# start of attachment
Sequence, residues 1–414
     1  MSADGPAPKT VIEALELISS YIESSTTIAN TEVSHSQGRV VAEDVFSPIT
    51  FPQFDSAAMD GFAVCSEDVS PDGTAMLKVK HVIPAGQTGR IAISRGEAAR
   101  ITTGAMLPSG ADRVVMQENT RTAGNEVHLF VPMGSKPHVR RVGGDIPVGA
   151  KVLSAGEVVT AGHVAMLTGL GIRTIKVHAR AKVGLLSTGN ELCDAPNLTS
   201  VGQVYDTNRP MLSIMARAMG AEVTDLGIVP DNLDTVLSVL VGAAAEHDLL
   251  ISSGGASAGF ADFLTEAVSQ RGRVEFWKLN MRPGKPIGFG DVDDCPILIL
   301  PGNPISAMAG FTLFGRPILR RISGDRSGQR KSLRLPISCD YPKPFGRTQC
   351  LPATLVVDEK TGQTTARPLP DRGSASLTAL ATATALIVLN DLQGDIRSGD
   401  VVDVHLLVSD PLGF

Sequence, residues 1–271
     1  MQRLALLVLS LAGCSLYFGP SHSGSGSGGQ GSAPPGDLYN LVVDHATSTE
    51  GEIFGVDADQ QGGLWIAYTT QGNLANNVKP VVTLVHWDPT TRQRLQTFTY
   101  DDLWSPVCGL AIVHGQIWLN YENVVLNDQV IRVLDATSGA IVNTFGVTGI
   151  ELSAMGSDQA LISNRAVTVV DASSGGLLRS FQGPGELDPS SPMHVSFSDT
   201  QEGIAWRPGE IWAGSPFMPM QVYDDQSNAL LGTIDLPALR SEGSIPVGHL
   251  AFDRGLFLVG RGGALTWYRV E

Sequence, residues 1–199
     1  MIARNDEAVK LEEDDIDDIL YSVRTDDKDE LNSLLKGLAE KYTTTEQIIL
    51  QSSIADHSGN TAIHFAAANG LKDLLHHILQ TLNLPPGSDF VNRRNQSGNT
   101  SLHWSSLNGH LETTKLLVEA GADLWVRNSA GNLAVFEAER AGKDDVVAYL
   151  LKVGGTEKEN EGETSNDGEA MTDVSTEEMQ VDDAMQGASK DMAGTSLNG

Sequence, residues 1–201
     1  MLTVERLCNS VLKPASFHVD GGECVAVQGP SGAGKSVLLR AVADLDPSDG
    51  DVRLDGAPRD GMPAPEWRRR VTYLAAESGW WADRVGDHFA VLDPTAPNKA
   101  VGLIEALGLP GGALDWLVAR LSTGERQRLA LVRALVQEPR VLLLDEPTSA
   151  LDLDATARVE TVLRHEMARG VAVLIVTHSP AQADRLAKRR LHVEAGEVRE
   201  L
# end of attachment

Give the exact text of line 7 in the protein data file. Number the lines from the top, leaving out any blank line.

   251  ISSGGASAGF ADFLTEAVSQ RGRVEFWKLN MRPGKPIGFG DVDDCPILIL